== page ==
BEIJING: China said on Wednesday that it would defend itself against a British government demand that companies ensure their supply chains are free from forced labour linked to the northwestern Chinese region of Xinjiang or face punishing fines.
The comment came after British Foreign Secretary Dominic Raab said officials have issued guidance to British firms with ties to Xinjiang on how to carry out due diligence checks.
The government intends to exclude suppliers and review export controls to prevent the shipping of any goods that could contribute to such violations in Xinjiang, where China is accused of widespread rights violations against Uighurs and other Muslim minority groups.
China denies allegations of rights abuses and forced labour, saying it aims only to raise incomes among minorities and stamp out radicalism.
Chinese Foreign Ministry spokesperson Zhao Lijian said China would “take all necessary measures to defend national interests and dignity and firmly safeguard its sovereign, security and development interests.”
“Individual countries including the UK have funded, concocted and deliberately spread lies and rumours to smear and discredit China on the pretext of so-called human rights issues,” Zhao told reporters at a daily briefing. “It fully exposes their hypocrisy and sinister intentions to curb the development and progress of Xinjiang and interfere in China’s internal affairs.”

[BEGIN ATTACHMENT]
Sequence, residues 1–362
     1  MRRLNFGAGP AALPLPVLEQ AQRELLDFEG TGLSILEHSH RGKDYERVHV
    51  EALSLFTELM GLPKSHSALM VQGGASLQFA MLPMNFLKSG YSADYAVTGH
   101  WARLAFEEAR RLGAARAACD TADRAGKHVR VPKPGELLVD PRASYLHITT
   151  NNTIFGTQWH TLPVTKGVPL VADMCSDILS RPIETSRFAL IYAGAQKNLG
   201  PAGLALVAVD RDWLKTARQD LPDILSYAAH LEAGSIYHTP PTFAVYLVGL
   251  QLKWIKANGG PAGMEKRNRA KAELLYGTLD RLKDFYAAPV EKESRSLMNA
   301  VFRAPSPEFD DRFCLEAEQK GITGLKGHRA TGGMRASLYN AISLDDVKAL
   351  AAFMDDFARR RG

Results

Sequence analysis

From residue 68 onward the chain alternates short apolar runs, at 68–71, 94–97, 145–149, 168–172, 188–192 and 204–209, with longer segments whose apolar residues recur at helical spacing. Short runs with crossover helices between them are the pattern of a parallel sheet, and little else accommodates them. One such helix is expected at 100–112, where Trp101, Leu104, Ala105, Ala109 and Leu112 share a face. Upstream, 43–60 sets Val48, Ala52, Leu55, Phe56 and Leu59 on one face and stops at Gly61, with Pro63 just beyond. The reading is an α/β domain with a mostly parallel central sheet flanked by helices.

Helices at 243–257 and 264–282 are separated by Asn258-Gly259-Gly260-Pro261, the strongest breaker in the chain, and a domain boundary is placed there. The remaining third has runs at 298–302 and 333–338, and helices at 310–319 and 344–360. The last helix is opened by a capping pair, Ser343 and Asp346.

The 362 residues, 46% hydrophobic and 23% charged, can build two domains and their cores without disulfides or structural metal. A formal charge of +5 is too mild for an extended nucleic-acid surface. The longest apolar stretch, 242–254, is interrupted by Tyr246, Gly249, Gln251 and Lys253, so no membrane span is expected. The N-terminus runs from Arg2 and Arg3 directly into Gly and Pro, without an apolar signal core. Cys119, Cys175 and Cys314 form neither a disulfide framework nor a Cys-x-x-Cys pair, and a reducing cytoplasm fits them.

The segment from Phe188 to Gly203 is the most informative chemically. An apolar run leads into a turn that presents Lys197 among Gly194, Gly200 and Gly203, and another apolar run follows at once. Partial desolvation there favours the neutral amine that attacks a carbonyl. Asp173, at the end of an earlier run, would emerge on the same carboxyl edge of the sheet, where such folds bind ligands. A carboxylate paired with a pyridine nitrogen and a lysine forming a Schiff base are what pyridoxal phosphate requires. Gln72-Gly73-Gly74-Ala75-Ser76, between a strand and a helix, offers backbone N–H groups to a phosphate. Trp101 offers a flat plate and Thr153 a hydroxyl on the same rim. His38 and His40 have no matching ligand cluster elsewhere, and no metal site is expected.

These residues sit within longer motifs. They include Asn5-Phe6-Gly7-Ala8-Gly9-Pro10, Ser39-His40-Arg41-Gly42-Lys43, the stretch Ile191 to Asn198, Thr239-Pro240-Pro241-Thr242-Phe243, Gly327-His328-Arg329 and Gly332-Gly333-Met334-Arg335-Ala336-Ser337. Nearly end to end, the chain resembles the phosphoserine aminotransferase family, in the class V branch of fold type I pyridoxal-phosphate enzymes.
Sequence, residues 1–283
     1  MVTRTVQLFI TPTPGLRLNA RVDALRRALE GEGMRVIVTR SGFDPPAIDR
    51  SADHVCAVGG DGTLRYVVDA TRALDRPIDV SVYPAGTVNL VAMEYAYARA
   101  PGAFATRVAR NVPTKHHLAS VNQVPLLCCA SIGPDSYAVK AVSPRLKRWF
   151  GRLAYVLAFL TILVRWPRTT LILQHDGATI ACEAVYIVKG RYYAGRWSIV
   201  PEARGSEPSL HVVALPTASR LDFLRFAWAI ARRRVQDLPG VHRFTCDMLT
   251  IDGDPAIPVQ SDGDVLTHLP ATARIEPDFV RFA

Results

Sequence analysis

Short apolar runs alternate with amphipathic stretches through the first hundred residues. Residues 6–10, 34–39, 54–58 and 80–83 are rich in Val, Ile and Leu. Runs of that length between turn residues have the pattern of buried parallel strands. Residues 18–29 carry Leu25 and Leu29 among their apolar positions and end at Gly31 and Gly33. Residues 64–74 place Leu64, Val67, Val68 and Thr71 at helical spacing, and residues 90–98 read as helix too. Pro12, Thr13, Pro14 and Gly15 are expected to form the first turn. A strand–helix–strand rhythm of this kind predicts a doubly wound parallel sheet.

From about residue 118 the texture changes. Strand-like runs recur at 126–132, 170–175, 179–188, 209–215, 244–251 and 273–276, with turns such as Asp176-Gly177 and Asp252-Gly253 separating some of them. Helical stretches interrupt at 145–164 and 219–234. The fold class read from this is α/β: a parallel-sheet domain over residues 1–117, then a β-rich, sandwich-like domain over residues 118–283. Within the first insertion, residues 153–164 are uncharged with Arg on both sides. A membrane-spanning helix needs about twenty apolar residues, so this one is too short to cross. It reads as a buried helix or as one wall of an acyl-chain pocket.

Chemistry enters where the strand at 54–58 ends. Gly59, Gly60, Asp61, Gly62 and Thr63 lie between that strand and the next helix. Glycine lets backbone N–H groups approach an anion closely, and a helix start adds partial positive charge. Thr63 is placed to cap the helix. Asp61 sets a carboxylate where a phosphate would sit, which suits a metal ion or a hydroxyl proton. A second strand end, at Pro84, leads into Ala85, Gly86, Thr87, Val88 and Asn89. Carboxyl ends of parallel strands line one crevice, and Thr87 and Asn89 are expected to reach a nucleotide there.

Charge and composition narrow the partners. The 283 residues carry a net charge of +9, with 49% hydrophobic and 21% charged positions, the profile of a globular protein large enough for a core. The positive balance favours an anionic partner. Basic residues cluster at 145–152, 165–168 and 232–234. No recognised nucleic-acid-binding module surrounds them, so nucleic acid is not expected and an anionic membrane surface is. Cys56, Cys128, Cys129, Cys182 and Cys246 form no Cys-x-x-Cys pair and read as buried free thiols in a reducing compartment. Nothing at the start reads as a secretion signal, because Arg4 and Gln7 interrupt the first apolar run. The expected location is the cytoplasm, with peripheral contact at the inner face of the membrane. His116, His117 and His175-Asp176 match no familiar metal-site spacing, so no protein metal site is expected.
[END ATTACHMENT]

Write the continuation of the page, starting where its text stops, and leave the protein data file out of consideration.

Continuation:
In his announcement, Raab said Britain sought to ensure that “no company that profits from forced labour in Xinjiang can do business in the UK, and that no UK business is involved in their supply chains.”
He said mounting evidence, including first-hand testimony and reports from nonprofit groups, supports claims of unlawful mass detention in internment camps in Xinjiang, widespread forced labour and forced sterilisation of women on an “industrial scale.”
The evidence “paints a harrowing picture” and showed the practice of “barbarism we had hoped lost to another era,” Raab said.
China has denied mass internments of Uighurs, saying it merely operated voluntary centres for de-radicalisation and job training and that all participants have since “graduated”.
China says its policies in the vast, resource-rich region abutting several Central Asian countries have put an end to anti-government violence that claimed thousands of lives over recent years.